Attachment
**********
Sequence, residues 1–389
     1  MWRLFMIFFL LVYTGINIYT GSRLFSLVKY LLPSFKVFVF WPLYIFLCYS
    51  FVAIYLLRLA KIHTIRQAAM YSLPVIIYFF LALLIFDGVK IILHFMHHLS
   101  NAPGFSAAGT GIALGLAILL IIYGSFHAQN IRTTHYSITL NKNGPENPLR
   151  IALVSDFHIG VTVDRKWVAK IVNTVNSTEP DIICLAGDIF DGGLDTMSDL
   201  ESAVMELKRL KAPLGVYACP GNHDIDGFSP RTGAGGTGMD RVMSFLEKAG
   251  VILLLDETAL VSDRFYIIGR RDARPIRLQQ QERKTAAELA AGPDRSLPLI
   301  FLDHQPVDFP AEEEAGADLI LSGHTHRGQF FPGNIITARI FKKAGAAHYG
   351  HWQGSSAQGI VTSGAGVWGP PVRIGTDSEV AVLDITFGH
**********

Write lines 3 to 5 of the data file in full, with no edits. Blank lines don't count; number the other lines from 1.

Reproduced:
    51  FVAIYLLRLA KIHTIRQAAM YSLPVIIYFF LALLIFDGVK IILHFMHHLS
   101  NAPGFSAAGT GIALGLAILL IIYGSFHAQN IRTTHYSITL NKNGPENPLR
   151  IALVSDFHIG VTVDRKWVAK IVNTVNSTEP DIICLAGDIF DGGLDTMSDL